A day that everyone will remember where they were and what they were doing – whether you experienced the Great American Solar Eclipse of 2017 – partial, total or not at all. It was an event my son and I did not want to miss so we started planning a year ago – where would we drive to, what did we need to bring and where would we stay. Not being a camper type person, I opted to book us hotel rooms in two places and narrowed it down to Murray, Kentucky. Our plan – drive in to the Land Between the Lakes (LBTL) National Recreation Area and find a spot that would work for viewing with the least amount of people and as maximum amount of time of totality as possible. We ended up finding one of the best spots- Sardis & Guy Lady Cemetery property in the northern part of LBTL. Only 14 people in total were with us in our spot.
We left the hotel at 6:45 am and drove around in the northern part of the park down all of the small roads until we found this perfect spot. There were only 4 other cars and 8 people there when we arrived and set-up our tent and chairs at 8:30 am.
We wandered around the cemetery looking at some of the interesting grave sights. No one parked in the area was making any contact with each other as I think everyone there wanted their time to be alone to experience the eclipse. And thought they would be at a cemetery!!
Note one of the graves is for a confederate soldier and has an American Flag next to it. We really like the respect given for this man’s service. Geoff comments that a couple of the men parked right at the cemetery gate are most likely there to make sure nothing in the cemetery is desecrated in these weird times.
Around 10 AM a motorcyclist showed up and set-up a tri-pod with a scope. This created curiosity and others came over to speak to him. Geoff saw that he really didn’t have anything to display the eclipse on to. I had bought white foam board the day before to see if we might use it with the pin-hole paper. Geoff went and got the white board from our car and gave it to the man – who called himself ‘Bear.’ This brought several people over to talk about their previous experiences with eclipses and where they drove from. A couple in a car with Ohio license plates were speaking French so never engaged with the group. There was another couple from Tennessee, Bear was from Indiana and the other couple was from Illinois (I think?).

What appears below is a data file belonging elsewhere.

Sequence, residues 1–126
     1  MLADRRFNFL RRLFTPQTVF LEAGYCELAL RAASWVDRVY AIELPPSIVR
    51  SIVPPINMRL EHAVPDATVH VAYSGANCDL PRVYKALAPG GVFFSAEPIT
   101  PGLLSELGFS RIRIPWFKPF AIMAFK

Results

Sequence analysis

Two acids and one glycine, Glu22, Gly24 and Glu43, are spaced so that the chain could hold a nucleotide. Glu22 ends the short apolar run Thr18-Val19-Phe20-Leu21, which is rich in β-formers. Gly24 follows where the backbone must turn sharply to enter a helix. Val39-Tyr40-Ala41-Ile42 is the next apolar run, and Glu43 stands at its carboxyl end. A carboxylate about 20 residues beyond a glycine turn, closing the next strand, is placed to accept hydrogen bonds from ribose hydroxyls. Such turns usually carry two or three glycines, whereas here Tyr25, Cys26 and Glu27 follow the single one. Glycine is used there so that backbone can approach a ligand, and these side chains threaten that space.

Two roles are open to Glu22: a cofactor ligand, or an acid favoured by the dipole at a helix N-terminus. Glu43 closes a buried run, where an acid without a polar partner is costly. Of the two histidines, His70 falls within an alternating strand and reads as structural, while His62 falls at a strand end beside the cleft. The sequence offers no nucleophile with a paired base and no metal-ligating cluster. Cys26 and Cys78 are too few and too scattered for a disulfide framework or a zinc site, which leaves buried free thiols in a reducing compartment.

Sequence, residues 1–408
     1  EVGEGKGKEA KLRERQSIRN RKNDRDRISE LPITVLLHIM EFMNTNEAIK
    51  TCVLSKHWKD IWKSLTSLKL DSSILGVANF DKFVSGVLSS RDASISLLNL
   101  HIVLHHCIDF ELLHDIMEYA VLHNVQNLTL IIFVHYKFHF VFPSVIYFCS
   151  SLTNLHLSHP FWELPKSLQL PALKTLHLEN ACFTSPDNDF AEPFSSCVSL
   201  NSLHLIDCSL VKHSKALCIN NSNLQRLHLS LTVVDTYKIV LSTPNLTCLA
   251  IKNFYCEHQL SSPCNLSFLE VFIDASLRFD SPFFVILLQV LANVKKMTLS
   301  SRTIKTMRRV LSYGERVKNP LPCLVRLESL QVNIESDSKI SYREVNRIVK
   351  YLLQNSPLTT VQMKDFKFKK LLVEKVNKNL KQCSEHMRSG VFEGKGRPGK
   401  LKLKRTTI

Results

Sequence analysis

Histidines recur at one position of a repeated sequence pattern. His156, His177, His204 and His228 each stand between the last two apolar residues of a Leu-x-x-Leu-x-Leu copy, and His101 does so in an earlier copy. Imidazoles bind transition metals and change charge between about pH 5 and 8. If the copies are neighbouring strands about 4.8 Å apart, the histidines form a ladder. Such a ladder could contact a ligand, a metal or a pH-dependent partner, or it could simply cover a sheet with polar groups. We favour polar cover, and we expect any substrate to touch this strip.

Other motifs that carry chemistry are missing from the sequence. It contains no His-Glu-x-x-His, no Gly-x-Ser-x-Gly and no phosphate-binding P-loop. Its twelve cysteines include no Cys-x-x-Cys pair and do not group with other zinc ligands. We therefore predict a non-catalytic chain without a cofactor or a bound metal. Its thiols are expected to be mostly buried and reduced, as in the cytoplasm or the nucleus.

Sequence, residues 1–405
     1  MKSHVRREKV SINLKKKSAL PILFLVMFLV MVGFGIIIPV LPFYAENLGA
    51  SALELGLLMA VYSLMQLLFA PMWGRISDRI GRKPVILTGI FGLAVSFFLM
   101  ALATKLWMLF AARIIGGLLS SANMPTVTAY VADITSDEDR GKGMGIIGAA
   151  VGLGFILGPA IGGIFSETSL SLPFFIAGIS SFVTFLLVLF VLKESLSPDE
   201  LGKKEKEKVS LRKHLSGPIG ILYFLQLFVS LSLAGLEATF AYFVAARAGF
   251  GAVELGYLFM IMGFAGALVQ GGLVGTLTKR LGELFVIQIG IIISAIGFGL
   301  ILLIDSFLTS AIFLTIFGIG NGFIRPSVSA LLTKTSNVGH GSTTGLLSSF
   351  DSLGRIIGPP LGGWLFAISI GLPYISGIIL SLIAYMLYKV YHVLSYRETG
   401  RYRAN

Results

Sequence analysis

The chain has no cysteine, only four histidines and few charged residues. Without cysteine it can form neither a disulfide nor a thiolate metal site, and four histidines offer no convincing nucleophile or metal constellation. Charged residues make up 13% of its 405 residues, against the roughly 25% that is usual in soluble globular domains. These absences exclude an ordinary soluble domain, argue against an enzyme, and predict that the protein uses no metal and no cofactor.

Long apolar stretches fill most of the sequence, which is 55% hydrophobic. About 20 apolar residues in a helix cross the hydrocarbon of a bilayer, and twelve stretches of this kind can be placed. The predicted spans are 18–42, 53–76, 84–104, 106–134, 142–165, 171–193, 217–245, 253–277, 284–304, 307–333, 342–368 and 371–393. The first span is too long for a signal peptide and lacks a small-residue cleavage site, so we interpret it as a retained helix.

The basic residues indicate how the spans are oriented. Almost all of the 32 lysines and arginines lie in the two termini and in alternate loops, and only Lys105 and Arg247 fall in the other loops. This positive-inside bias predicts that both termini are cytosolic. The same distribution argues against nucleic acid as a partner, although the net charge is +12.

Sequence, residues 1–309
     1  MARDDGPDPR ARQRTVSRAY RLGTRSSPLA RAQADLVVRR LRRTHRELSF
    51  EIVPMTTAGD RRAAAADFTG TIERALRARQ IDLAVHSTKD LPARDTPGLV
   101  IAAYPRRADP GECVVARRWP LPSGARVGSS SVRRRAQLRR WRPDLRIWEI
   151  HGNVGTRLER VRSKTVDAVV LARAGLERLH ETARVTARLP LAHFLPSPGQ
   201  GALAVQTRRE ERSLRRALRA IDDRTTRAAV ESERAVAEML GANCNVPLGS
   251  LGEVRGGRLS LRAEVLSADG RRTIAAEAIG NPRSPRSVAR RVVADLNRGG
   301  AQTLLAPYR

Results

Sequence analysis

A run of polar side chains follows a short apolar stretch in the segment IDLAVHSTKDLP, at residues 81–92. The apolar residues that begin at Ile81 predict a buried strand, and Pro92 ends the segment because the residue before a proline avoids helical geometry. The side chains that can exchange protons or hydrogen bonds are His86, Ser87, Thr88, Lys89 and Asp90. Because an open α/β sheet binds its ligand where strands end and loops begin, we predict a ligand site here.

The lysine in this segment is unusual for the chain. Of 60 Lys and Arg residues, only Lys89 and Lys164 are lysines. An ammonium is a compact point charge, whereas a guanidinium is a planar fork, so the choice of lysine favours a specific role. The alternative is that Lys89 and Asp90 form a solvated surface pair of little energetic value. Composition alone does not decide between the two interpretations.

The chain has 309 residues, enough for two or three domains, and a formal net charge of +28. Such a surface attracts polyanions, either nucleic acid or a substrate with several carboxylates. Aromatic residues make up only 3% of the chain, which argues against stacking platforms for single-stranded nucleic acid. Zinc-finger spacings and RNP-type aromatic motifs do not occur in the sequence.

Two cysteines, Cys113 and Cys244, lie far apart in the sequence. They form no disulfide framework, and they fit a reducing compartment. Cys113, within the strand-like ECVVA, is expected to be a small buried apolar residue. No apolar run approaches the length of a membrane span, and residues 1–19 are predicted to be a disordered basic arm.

Geoff and I watched the eclipse first contact and continued to watch on and off with our solar eyeglasses, solar protective handheld panels and solar binoculars. We checked on Bear’s white board periodically and also watched the reflection of the eclipse created through the tree leaves. This was awesome to see in itself.
Another two cars show up maybe 10 minutes before totality – 3 college kids who drove down from Philadelphia and 2 hippies from who knows where showed up without any eye protection. Geoff loans them his eye protection screens so they can see it before totality. They also are looking at Bear’s tri-pod set-up.
No noise and poof – totality – complete darkness – you could take off your protective glasses and look directly at the sun eclipsed by the moon. The suns solar flares create a spectacular aura. You can see Venus and some stars. The glow around the moon is purple and orange and bright yellow. The flares shoot out and then in 2 minutes and 37 seconds it is immediately light and the diamond appears as the sun peaks out from the shadow of the moon. WOW!!! This is truly an amazing astrological sight and an experience that you would like to continue longer. It is something to definitely see again and again in a lifetime if you can plan it. What an incredible universe God created!
As the eclipse wanes, everyone packs up and gets ready to leave. Once you’ve seen the total eclipse, you feel complete. As we are packing up, we are amazed at the design the shadow of the eclipse is creating on my white car.
What a wonderful memory my son and I have together! Hope to do it again in 2024 in the USA or somewhere else in the world before then!